Last term, five Waterloo Students headed to the Marriott Hotel in downtown Toronto for the 2009 National Conference for Women in Engineering (“NCWIE”). The conference, held annually by the Canadian Federation of Engineering Students, and hosted last year by the University of Toronto, is dedicated to enhancing opportunities for women in the traditionally male-dominated fields of engineering, science, and technology. This year, the conference focused specifically on equipping women with the tools to “Design the World to Come”.
NCWIE had a wide range of events, such as an IBM Panel Discussion, a networking and career fair, and professional development activities, such as enhancing professionalism through “The First Seven Seconds”. NCWIE also had stimulating round-table discussions, with topics ranging from factors that affect women’s decisions to study engineering, to the reasons behind the professional and social inequalities in today’s society.
However, it was the inspirational speakers at the conference that truly made NCWIE shine. Almost two dozen speakers lectured on subjects such as engineering and business, the research and teaching track, the impact of engineering on society and the environment, and more.
A notable speaker was keynote speaker Diane Freeman. As a wife, a mother, and a professional engineer, she is an excellent role model for female engineers. She has a wide list of impressive accomplishments, including her role as a City Councilor, the President-Elect of Professional Engineers in Ontario, founder of the Butterfly Learning Centre – a non-profit childcare center in Waterloo, and the secretary of the Air and Waste Management Association in Ontario. Ms. Freeman gave a stirring speech about her initial struggles with the engineering profession, and how she broke through her glass-ceiling.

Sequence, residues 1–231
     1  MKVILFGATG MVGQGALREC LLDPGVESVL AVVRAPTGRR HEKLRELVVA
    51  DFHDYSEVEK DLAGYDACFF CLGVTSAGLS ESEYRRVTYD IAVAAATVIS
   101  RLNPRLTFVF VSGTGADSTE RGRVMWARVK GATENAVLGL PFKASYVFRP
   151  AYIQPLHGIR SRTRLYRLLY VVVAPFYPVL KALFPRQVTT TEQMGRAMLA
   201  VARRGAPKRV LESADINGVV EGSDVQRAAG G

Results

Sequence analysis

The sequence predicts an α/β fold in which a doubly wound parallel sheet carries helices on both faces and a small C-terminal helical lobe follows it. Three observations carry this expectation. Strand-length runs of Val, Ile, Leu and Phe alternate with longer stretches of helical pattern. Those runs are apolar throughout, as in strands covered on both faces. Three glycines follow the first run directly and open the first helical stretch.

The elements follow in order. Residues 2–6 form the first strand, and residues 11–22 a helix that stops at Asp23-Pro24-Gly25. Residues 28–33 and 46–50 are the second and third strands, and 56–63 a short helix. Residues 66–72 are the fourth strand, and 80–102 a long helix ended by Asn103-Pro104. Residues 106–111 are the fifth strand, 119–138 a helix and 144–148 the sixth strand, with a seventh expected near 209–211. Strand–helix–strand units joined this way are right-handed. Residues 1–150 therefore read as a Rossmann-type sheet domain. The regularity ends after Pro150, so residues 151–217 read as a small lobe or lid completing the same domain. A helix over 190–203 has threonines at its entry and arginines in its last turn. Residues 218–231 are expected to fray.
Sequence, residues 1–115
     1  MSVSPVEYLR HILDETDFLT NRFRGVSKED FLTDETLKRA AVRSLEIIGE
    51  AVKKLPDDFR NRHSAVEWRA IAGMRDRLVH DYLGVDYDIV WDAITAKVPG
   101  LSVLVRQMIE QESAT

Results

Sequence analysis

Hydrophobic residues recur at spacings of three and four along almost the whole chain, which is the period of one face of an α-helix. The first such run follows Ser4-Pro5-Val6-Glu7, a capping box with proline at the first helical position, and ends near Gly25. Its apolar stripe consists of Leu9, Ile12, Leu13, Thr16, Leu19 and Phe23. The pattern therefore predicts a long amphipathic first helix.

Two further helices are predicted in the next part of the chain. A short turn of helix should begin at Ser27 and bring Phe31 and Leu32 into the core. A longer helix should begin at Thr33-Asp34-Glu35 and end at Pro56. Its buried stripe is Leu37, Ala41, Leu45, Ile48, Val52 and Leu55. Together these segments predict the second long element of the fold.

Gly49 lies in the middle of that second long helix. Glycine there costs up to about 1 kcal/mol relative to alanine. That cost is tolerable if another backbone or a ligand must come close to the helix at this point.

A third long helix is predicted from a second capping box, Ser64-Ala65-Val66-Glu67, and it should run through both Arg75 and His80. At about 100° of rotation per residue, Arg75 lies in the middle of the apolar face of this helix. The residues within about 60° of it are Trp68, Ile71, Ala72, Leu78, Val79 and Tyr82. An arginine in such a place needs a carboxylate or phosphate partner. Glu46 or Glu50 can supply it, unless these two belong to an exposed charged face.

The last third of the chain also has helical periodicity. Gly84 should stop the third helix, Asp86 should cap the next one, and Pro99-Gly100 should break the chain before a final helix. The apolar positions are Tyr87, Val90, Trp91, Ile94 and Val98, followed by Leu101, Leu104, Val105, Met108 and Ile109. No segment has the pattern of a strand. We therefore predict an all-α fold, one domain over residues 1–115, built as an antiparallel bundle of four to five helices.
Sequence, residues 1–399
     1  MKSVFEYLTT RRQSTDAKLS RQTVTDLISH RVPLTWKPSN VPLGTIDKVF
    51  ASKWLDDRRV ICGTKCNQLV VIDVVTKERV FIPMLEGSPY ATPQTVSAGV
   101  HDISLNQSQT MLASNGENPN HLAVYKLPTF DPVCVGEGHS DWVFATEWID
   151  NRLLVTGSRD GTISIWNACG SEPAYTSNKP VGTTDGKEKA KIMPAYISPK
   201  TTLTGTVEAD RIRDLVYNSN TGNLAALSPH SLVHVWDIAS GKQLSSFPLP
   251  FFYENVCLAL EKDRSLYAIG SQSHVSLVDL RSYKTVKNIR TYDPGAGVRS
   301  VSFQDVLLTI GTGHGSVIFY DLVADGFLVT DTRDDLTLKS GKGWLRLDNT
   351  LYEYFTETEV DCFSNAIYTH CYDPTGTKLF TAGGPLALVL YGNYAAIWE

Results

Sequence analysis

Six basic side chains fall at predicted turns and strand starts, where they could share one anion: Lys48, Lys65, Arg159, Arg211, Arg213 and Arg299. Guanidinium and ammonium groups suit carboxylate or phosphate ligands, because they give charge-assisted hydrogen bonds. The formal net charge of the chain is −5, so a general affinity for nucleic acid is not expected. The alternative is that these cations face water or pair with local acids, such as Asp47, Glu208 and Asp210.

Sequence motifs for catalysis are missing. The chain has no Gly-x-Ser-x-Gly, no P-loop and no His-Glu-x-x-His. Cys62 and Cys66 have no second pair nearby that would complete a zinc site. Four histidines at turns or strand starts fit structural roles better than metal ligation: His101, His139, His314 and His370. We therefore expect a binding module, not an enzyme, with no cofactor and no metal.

Another inspirational speaker included Milica Radisic, who gave a speech about the status of women scientists and engineers in the research and teaching track. Ms. Radisic—an Assisstant Professor at the University of Toronto, who received her Bachelor’s of Engineering from McMaster University, followed by her Ph.D. from the Massachusetts Institute of Technology—also gave us her story of the struggles with the tenure track, especially as a wife and a mother of three children. Nevertheless, she confided that balancing an active research program and a family, though tough, was definitely doable.
I personally found NCWIE to be an amazing experience—it gave incredible insight into the world of engineering. I was always someone who found engineering to be a little daunting, but listening to the dozens of success stories (with their personal struggles) was both captivating and very motivational. However, it was especially nice to see the male delegates from many schools who were just as determined as their female counterparts to enhance opportunities for women in engineering.
NCWIE occurs annually, and I would highly recommend anyone who is interested in stimulating discussions of women in engineering (and a great networking experience!) to attend. After all, women might still be the minority in engineering, but we’re a minority that will have an undeniable impact on the world in years to come.